STUDY QUESTION: What is the standard of birthweight for gestational age for babies following assisted reproductive technology (ART) treatment? SUMMARY ANSWER: Birthweight for gestational age percentile charts were developed for singleton births following ART treatment using population-based data. WHAT IS KNOWN ALREADY: Small for gestational age (SGA) and large for gestational age (LGA) births are at increased risks of perinatal morbidity and mortality. A birthweight percentile chart allows the detection of neonates at high risk, and can help inform the need for special care if required. STUDY DESIGN, SIZE, DURATION: This population study used data from the Australian and New Zealand Assisted Reproduction Database (ANZARD) for 72 694 live born singletons following ART treatment between January 2002 and December 2010 in Australia and New Zealand. PARTICIPANTS/MATERIALS, SETTING, METHODS: A total of 69 315 births (35 580 males and 33 735 females) following ART treatment were analysed for the birthweight percentile. Exact percentiles of birthweight in grams were calculated for each gestational week between Week 25 and 42 for fresh and thaw cycles by infant sex. Univariate analysis was used to determine the exact birthweight percentile values. Student t-test was used to examine the mean birthweight difference between male and female infants, between single embryo transfer (SET) and double embryo transfer (DET) and between fresh and thaw cycles. MAIN RESULTS AND THE ROLE OF CHANCE: Preterm births (birth before 37 completed weeks of gestation) and low birthweight (<2500 g) were reported for 9.7 and 7.0% of live born singletons following ART treatment. The mean birthweight was 3280 g for live born singletons following fresh cycles (3338 g for male infants and 3217 for female infants) and 3413 g for live born singletons following thaw cycles (3475 g for male infants and 3349 for female infants). The proportion of SGA for male ART births following thaw cycles at 35-41 weeks gestation was significantly lower than for the Australian general population, ranging from 3.8% (95% confidence interval (CI): 1.3%, 6.2%) at 35 weeks gestation to 7.9% (95% CI: 6.3%, 9.5%) at 41 weeks gestation. The proportion of LGA for male ART births following thaw cycles was significantly higher than for the Australian general population between 33 weeks (17.1%, 95% CI: 8.9%, 25.2%) and 41 weeks (14.4%, 95% CI: 12.3%, 16.5%). A similar trend was shown for female infants following thaw cycles. The live born singletons following SET were, on average, 45 g heavier than live born singletons following DET (P< 0.001). Overall, SGA was reported for 8.9% (95% CI: 8.6%, 9.1%) of live born singletons following SET and for 9.9% (95% CI: 9.5%, 10.3%) of live born singletons following DET. LIMITATIONS, REASONS FOR CAUTION: Birthweight percentile charts do not represent fetal growth standards but only the weight of live born infants at birth. WIDER IMPLICATIONS OF THE FINDINGS: The comparison of birthweight percentile charts for ART births and general population births provide evidence that the proportion of SGA births following ART treatment was comparable to the general population for SET fresh cycles and significantly lower for thaw cycles. Both fresh and thaw cycles showed better outcomes for singleton births following SET compared with DET. Policies to promote single embryo transfer should be considered in order to minimize the adverse perinatal outcomes associated with ART treatment. STUDY FUNDING/COMPETING INTERESTS: No specific funding was obtained. The authors have no conflicts of interest to declare. © The Author 2014. Published by Oxford University Press on behalf of the European Society of Human Reproduction and Embryology. All rights reserved. For Permissions, please email: journals.permissions@oup.com. KEYWORDS: assisted reproductive technology; birthweight; gestational age; single embryo transfer; small for gestational age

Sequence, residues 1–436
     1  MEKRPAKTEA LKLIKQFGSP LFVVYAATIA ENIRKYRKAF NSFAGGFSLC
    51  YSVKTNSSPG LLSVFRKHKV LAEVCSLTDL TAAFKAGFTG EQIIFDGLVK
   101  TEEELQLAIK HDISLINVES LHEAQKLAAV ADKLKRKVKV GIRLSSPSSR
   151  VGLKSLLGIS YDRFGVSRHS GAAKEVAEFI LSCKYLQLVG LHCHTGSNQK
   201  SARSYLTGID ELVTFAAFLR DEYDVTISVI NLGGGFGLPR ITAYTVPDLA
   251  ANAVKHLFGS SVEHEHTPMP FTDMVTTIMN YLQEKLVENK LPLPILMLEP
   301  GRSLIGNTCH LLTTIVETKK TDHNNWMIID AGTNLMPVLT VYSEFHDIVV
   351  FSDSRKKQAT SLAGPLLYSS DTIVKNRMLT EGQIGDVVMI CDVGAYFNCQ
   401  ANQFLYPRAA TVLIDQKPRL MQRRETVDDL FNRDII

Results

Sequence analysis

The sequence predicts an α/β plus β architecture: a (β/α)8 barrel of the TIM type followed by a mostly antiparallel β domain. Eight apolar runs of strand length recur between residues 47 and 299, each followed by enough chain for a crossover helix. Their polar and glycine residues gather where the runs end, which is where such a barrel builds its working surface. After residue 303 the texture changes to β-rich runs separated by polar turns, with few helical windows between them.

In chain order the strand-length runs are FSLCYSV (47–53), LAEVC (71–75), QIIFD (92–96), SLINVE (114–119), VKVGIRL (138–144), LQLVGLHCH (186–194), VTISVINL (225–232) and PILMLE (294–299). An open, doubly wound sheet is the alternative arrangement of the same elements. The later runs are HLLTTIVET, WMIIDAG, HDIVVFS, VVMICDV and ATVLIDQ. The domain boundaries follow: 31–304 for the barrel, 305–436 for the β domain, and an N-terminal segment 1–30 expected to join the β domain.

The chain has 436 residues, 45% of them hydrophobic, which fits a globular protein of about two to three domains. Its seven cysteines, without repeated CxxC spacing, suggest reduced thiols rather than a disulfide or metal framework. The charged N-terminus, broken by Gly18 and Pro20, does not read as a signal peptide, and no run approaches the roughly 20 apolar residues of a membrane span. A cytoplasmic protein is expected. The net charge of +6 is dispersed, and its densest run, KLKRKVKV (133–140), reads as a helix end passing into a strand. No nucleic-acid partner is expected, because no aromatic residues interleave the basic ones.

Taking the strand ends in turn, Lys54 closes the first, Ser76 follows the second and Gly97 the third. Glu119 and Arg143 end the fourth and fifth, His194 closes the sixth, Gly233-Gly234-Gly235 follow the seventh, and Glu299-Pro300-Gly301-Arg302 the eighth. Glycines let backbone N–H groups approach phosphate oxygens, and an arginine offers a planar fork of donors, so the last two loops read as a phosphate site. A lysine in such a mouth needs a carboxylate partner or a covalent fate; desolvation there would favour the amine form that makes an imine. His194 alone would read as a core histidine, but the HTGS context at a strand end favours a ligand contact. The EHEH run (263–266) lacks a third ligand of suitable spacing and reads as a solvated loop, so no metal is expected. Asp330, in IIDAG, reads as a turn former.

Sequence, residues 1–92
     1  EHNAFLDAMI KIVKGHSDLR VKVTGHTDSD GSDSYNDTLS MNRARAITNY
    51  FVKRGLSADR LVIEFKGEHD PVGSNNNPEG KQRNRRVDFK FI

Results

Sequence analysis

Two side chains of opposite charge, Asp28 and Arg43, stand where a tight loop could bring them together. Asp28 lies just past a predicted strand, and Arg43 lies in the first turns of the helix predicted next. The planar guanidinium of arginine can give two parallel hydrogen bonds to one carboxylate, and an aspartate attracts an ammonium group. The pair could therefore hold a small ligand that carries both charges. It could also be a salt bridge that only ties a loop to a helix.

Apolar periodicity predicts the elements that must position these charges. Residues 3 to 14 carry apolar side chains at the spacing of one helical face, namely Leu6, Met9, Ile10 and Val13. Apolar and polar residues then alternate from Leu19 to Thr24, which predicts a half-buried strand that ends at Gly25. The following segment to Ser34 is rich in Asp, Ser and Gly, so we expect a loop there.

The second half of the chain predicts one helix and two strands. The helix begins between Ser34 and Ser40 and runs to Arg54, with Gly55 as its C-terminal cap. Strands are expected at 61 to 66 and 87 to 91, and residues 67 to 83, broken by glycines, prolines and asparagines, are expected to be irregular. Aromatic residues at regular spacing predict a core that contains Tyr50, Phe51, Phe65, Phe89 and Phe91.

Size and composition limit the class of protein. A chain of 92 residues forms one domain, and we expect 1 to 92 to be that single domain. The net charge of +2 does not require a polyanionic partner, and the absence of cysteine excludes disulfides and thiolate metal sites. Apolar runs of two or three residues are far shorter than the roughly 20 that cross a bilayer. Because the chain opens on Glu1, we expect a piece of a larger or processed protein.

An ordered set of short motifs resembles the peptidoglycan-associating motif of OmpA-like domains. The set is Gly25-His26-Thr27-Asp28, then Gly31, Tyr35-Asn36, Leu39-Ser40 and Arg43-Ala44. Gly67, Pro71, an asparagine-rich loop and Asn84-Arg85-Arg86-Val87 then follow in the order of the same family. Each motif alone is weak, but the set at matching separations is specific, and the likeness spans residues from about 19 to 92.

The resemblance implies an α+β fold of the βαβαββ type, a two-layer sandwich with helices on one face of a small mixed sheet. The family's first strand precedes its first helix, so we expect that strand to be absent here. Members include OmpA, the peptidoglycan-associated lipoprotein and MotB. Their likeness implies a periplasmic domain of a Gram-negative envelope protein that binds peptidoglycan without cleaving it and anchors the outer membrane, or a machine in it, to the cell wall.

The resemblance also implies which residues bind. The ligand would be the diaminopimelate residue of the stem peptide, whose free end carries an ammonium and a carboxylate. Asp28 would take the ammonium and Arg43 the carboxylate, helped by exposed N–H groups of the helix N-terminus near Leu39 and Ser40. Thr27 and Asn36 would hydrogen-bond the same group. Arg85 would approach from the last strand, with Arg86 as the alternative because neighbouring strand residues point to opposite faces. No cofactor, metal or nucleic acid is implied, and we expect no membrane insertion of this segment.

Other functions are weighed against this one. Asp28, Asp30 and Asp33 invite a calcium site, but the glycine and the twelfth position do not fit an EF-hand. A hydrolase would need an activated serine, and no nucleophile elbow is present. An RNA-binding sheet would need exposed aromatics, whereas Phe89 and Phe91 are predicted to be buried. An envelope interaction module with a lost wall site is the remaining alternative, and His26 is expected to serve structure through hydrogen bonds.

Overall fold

PMID 24908671

2013

Pregnancy And Neonatal Diabetes Outcomes in Remote Australia (PANDORA) Study

BMC Pregnancy Childbirth. 2013 Dec 1;13:221. doi: 10.1186/1471-2393-13-221.

Maple-Brown LJ, Brown A, Lee IL, Connors C, Oats J, McIntyre HD, Whitbread C, Moore E, Longmore D, Dent G, Corpus S, Kirkwood M, Svenson S, van Dokkum P, Chitturi S, Thomas S, Eades S, Stone M, Harris M, Inglis C, Dempsey K, Dowden M, Lynch M, Boyle J, Sayers S, Shaw J, Zimmet P, O'Dea K. Author information

Abstract

BACKGROUND: Diabetes in pregnancy carries an increased risk of adverse pregnancy outcomes for both the mother and foetus, but it also provides an excellent early opportunity for intervention in the life course for both mother and baby. In the context of the escalating epidemic of chronic diseases among Indigenous Australians, it is vital that this risk is reduced as early as possible in the life course of the individual. The aims of the PANDORA Study are to: (i) accurately assess rates of diabetes in pregnancy in the Northern Territory (NT) of Australia, where 38% of babies are born to Indigenous mothers; (ii) assess demographic, clinical, biochemical, anthropometric, socioeconomic and early life development factors that may contribute to key maternal and neonatal birth outcomes associated with diabetes in pregnancy; and (iii) monitor relevant post-partum clinical outcomes for both the mothers and their babies.

METHODS/DESIGN: Eligible participants are all NT women with diabetes in pregnancy aged 16 years and over. Information collected includes: standard antenatal clinical information, diagnosis and management of diabetes in pregnancy, socio-economic status, standard clinical birth information (delivery, gestational age, birth weight, adverse antenatal and birth outcomes). Cord blood is collected at the time of delivery and detailed neonatal anthropometric measurements performed within 72 hours of birth. Information will also be collected regarding maternal post-partum glucose tolerance and cardio-metabolic risk factor status, breastfeeding and growth of the baby up to 2 years post-partum in the first instance.

DISCUSSION: This study will accurately document rates and outcomes of diabetes in pregnancy in the NT of Australia, including the high-risk Indigenous Australian population. The results of this study should contribute to policy and clinical guidelines with the goal of reducing the future risk of obesity and diabetes in both mothers and their offspring.